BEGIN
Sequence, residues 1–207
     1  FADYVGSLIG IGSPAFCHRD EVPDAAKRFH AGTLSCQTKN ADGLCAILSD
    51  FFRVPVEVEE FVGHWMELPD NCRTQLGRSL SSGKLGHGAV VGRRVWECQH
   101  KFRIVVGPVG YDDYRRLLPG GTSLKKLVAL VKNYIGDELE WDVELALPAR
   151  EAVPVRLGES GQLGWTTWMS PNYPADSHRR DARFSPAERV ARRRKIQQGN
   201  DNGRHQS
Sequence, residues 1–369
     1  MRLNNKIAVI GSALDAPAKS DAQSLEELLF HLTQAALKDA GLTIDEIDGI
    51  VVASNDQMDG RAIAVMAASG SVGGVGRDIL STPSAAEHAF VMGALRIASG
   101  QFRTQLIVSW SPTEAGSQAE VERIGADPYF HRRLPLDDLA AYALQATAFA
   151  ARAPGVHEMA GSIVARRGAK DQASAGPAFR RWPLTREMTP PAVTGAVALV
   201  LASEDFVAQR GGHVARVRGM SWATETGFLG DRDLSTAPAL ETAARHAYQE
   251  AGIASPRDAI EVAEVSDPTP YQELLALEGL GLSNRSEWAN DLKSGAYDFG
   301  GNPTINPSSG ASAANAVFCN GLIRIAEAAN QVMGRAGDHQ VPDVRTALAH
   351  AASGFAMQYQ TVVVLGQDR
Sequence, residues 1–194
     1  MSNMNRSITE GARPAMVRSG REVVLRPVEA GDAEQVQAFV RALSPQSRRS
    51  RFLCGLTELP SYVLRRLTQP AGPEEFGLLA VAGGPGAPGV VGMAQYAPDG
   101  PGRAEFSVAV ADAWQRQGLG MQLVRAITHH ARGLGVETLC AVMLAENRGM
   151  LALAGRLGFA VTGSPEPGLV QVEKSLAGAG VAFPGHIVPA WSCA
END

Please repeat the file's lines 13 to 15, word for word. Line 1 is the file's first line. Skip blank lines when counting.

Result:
   251  AGIASPRDAI EVAEVSDPTP YQELLALEGL GLSNRSEWAN DLKSGAYDFG
   301  GNPTINPSSG ASAANAVFCN GLIRIAEAAN QVMGRAGDHQ VPDVRTALAH
   351  AASGFAMQYQ TVVVLGQDR